Updated: May 24, 2015
What happened in Ferguson is not something that is normally seen on American soil: militarized police forces directly attacking journalists. The context for what happened on August 13th in Ferguson, Missouri does not justify police behavior, and in fact only casts a darker shadow over their shooting of unarmed African-American teenager, Michael Brown.
Those reporters were simply trying to cover the protests and riots across Ferguson, but instead of cooperation from police, they were met with tear gas, rubber bullets, TAZERs and other forms of non-lethal force. This egregious example of unprovoked police brutality not only damages law enforcement’s justifications for shooting Brown, but also shows them to be guilty of violating the First Amendment in a very disturbing way. The Huffington post has a great article regarding journalist/police relations that I’ve linked below:
These attacks against members of the Fourth Estate only raise further questions about police ethics, conduct, and whether or not police departments across the country are becoming over-militarized. Tensions over the shooting of Brown have been riding high in Ferguson for the past two weeks, and the aggravated assault of journalists is only pouring salt into the wounds. The police in Ferguson can wave goodbye to any form of sympathy from the press or the public, and if they still hope to gain some empathy, they had better start realizing who their friends are in the field: reporters.
Reporters mold public opinion more-so than any other professional group, and in a town where the majority of citizens are black and most of the police force is white, getting good PR would be an invaluable asset for the cops to have.
Instead of being afraid of the press, police in Ferguson should start using them to their advantage. However, if policemen and women conduct themselves in a way that undermines the legitimacy of their agency, journalists are going to find out and report it. A problem becomes 1000 times worse when people attempt to cover up their wrongdoings, instead of being straightforward with those asking questions. If more police practiced the latter, it would earn them major bonus points with the people writing articles and reports about their behavior.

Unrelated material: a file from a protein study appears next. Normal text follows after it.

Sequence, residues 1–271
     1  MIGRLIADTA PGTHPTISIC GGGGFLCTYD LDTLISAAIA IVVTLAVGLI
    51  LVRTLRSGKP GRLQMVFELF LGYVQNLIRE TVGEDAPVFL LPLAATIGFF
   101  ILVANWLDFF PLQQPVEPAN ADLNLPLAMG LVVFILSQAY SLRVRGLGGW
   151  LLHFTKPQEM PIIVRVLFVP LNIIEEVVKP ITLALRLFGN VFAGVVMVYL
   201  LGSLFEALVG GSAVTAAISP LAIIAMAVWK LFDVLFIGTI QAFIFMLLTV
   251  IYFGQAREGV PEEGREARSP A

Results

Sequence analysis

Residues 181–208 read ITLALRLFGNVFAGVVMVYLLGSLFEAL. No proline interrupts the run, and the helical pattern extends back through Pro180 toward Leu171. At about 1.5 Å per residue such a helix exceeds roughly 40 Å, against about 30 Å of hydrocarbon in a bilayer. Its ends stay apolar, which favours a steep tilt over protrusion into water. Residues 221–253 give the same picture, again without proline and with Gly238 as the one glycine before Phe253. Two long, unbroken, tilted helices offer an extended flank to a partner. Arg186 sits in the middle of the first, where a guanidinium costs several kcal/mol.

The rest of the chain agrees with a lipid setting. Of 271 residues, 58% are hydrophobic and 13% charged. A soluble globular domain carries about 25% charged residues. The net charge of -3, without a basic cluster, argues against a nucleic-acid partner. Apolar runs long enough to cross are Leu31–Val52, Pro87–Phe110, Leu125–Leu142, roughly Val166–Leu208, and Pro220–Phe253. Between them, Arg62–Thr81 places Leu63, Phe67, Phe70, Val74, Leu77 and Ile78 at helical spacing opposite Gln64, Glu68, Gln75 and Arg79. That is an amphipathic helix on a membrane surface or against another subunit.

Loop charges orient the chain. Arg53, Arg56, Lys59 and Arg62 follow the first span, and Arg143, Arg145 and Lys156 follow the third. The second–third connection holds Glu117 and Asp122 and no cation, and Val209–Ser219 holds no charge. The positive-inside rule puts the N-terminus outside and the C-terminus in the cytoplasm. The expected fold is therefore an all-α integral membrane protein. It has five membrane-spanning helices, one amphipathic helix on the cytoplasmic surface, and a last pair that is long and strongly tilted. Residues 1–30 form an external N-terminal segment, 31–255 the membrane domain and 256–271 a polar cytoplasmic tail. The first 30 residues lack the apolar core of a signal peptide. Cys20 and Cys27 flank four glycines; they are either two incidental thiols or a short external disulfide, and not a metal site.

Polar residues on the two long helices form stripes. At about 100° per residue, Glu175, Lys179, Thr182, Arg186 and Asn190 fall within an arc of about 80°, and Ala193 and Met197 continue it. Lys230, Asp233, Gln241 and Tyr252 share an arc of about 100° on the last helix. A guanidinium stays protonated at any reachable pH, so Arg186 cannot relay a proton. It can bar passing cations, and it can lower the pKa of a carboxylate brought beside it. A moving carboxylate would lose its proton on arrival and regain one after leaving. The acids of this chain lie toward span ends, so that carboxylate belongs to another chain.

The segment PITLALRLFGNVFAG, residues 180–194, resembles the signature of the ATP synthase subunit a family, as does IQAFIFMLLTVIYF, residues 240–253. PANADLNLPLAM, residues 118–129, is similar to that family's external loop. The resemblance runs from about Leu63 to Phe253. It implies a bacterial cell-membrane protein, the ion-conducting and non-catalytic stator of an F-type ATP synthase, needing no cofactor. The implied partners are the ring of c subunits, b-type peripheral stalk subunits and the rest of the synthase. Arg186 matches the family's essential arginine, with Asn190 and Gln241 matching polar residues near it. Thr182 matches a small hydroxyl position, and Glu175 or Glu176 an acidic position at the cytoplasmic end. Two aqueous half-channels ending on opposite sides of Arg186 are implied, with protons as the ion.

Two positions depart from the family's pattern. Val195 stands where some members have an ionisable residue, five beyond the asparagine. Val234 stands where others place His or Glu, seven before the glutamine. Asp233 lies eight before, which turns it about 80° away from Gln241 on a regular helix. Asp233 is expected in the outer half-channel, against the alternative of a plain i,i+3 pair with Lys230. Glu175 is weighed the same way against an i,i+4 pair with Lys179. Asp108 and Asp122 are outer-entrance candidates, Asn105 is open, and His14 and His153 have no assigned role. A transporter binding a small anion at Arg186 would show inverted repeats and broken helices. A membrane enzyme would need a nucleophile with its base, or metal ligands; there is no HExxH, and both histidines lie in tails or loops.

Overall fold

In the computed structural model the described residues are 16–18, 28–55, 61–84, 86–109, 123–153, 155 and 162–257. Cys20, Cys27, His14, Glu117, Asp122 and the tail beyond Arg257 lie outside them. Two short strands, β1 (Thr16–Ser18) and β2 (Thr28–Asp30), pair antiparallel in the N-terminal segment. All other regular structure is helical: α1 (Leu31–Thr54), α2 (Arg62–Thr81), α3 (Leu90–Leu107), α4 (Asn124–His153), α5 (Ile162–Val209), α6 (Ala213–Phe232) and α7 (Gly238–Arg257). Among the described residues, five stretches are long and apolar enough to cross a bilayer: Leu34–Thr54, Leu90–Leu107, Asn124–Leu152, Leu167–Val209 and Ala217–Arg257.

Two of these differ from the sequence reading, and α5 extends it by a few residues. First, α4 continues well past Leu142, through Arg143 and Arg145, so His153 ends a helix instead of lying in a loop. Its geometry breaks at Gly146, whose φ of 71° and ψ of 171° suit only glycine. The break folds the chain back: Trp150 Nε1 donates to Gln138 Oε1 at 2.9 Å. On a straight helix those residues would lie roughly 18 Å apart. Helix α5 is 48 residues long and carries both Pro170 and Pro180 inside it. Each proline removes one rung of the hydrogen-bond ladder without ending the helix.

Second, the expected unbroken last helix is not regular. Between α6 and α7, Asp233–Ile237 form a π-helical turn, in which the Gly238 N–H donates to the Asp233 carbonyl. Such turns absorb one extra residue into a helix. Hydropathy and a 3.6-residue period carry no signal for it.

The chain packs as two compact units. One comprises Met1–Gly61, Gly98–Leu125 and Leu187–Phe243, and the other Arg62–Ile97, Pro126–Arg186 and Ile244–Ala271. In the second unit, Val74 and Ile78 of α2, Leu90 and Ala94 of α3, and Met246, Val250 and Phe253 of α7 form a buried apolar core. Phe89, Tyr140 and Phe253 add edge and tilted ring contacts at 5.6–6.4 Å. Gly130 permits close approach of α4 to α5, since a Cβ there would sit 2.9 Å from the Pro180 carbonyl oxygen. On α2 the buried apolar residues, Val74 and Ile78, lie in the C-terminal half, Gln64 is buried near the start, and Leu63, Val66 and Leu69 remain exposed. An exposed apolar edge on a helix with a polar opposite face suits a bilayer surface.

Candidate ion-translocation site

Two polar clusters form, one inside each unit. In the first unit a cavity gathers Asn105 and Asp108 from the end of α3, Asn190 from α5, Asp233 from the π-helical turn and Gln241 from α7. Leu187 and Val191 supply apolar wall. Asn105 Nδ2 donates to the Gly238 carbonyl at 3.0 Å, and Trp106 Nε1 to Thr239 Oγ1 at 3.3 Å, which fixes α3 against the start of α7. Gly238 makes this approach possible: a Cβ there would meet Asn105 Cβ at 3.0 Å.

In today’s world of fast internet and smartphones, it is especially dangerous for agencies with high public visibility like the police to be found using excessive force, even when it is justified. The reason for this is viewers are not going to understand the context in which the aggression is taking place, therefore they are likely to side with the more vulnerable party. This may not be a problem if the footage finds its way to a news station where journalists can disseminate and vet the information, but if the video lands on YouTube the content can be framed however the uploader wishes it to be.
The Ferguson PD and all other law enforcement agencies involved in the attacks on journalists over the past week deserve every ounce of bad press that they are receiving. And until they can learn to use journalism as a tool to better their image, instead of seeing it as a threat, police will continue to circle the drain of public opinion.
(photo credit to USAToday.com)